5. Calcium is what keeps your skeleton and teeth strong and healthy. It’s the most abundant mineral in your body, says the National Institutes of Health Office of Dietary Supplements. You also need calcium for keeping your arteries supple to encourage blood to flow smoothly throughout your body. Adults need anywhere from 1,000 to 1,300 milligrams a day. One eight-ounce cup of plain, nonfat yogurt contains 415 milligrams; dairy foods are one of the best sources for calcium in the diet. Enriched tofu, calcium-enriched cereals and juices, as well as canned fish with bones are also good sources. Leafy green veggies also contain calcium—kale has 100 milligrams per cup of chopped greens.

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6. Choline isn’t a vitamin but a vitamin-like nutrient, according to the Linus Pauling Institute’s Micronutrient Information Center at Oregon State University. The National Institutes of Medicine recognized it in 1997 as “an essential nutrient.” Your body needs it to create neurotransmitters, the substances that carry messages between your brain and the rest of your body. It’s vital for the processes by which your body builds DNA and detoxifies your liver. The recommended daily intake is 425 milligrams for women and 550 for men. There are 356 milligrams in one three-ounce serving of liver and 147 milligrams in one large egg. Toasted wheat germ has 202 milligrams per cup. Other food sources: scallops, salmon, chicken, Atlantic cod, shrimp, Brussels sprouts and broccoli.

7. Iron is part of hemoglobin, a protein that carries oxygen from the lungs through the body. It also helps your muscles use and store oxygen. Your body absorbs two to three times more iron from animal sources—that’s meat—than it does from plants, according to the Academy of Nutrition and Dietetics. But some veggies, grains and legumes are a good sources, particularly if you consume them with vitamin C foods, which helps your body absorb iron. Eat lots of beans, dark leafy greens like spinach, fortified breakfast cereal and whole grain and enriched breads.

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8. Magnesium is part of a trio including calcium and potassium that plays a role in hundreds of functions in the body, from keeping arteries working properly so blood pressure doesn’t soar, to regulating blood sugar. In fact, magnesium transports calcium and potassium ions across cell membranes to ensure that your muscles contract and your heart beats at a steady rhythm. Like calcium, much of the magnesium in your body is in your bones. Adults need anywhere from 310 to 420 milligrams. An ounce of almonds contains 80 milligrams. Other nuts are also good sources. So are leafy greens. One half cup of cooked spinach has 78 milligrams. Other sources: Soy milk, black beans, edamame, peanut butter, whole wheat bread and avocado.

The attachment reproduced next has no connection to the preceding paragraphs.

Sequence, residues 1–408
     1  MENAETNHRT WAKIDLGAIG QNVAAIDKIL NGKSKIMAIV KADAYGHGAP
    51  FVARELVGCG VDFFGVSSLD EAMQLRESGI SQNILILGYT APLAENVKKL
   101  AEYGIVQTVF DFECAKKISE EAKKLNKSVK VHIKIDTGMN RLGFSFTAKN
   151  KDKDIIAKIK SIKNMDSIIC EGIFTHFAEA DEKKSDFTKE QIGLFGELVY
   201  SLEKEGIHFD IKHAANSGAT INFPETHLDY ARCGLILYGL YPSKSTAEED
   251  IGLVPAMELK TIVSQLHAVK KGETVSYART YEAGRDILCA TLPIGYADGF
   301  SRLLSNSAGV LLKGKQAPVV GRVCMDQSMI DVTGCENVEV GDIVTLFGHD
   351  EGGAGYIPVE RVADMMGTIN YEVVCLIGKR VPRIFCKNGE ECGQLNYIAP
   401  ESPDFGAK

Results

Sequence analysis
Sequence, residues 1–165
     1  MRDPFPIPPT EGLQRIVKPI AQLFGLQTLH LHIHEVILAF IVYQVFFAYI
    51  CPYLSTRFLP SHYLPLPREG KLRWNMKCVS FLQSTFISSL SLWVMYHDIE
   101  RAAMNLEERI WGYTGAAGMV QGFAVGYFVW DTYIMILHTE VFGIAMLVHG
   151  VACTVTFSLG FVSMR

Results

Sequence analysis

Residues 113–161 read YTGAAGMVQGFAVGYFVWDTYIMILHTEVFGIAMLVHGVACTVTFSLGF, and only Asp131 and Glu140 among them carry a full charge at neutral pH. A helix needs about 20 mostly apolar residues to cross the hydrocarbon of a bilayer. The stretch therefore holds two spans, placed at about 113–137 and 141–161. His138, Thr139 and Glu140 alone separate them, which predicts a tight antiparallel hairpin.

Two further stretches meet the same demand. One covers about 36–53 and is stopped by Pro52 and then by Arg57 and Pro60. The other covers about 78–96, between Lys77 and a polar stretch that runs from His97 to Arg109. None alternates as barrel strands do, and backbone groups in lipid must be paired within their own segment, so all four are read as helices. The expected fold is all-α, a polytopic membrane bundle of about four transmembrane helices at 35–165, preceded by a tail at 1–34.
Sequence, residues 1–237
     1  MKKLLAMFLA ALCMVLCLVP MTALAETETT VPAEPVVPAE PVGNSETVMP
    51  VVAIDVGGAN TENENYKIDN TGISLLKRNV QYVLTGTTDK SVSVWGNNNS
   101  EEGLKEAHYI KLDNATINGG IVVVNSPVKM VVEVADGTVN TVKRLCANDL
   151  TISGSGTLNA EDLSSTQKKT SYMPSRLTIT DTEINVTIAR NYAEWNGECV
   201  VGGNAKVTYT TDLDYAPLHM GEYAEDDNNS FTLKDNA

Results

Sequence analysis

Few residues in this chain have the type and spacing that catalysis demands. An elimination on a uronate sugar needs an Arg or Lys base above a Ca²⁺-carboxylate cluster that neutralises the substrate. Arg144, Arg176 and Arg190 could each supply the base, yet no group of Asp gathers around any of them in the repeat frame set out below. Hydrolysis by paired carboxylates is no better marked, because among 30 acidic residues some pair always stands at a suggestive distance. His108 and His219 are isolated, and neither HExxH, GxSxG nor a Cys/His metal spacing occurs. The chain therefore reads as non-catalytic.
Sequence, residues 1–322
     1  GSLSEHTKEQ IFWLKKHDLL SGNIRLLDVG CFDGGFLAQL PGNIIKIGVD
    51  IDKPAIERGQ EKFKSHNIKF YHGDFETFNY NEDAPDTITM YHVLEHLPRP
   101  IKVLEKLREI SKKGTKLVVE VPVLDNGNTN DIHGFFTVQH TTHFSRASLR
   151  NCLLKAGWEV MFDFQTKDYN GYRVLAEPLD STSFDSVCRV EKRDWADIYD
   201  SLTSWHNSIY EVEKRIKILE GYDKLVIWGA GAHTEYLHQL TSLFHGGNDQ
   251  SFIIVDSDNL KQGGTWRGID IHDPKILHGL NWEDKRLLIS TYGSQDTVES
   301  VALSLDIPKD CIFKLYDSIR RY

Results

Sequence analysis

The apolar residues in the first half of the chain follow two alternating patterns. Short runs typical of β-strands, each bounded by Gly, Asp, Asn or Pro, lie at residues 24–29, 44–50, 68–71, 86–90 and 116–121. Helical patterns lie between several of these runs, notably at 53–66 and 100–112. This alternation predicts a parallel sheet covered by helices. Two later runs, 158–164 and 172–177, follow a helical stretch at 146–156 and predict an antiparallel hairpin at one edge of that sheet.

9. Potassium helps move nutrients into your cells and sweep waste out. It also serves the go-between for nerves and muscles to communicate. You’re probably thinking bananas are the top food choice, but actually, sweet potatoes have more potassium than just about any foods: 694 milligrams in one sweet potato. White beans, tomato paste, white potatoes, plain nonfat yogurt, halibut, tuna and soybeans, as well as most vegetables, are good sources, according to the Dietary Guidelines for All Americans.

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10. Fiber is a part of plant foods that isn’t digestible. And that’s a good thing: Fiber travels more slowly through your digestive system and keeps you feeling fuller longer. It also helps keep you “regular.” There’s also evidence that a high-fiber diet may reduce the risk of obesity, type 2 diabetes and cardiovascular disease. Adults need 14 grams of fiber per 1,000 calories consumed. That’s at least 25 grams for women and 38 grams for men, but according to The Dietary Guidelines panel, most Americans get only 15 grams per day. The best sources of dietary fiber are beans (legumes), such as black beans, white beans, Navy beans and kidney beans. Whole grains, bran, and fruits and vegetables are also good sources. Get more fiber facts here.